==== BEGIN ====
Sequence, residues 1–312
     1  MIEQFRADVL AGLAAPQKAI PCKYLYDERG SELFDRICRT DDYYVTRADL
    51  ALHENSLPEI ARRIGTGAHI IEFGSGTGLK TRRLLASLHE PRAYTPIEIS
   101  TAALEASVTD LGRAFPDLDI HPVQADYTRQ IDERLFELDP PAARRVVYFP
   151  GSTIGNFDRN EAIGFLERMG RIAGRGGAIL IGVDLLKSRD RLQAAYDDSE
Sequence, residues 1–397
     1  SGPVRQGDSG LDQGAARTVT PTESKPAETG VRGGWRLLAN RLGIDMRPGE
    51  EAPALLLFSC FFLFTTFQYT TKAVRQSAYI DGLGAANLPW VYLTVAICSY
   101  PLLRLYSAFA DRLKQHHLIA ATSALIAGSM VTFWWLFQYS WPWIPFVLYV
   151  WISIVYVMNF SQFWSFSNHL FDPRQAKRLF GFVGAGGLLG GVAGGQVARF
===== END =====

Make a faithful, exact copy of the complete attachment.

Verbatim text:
Sequence, residues 1–312
     1  MIEQFRADVL AGLAAPQKAI PCKYLYDERG SELFDRICRT DDYYVTRADL
    51  ALHENSLPEI ARRIGTGAHI IEFGSGTGLK TRRLLASLHE PRAYTPIEIS
   101  TAALEASVTD LGRAFPDLDI HPVQADYTRQ IDERLFELDP PAARRVVYFP
   151  GSTIGNFDRN EAIGFLERMG RIAGRGGAIL IGVDLLKSRD RLQAAYDDSE
Sequence, residues 1–397
     1  SGPVRQGDSG LDQGAARTVT PTESKPAETG VRGGWRLLAN RLGIDMRPGE
    51  EAPALLLFSC FFLFTTFQYT TKAVRQSAYI DGLGAANLPW VYLTVAICSY
   101  PLLRLYSAFA DRLKQHHLIA ATSALIAGSM VTFWWLFQYS WPWIPFVLYV
   151  WISIVYVMNF SQFWSFSNHL FDPRQAKRLF GFVGAGGLLG GVAGGQVARF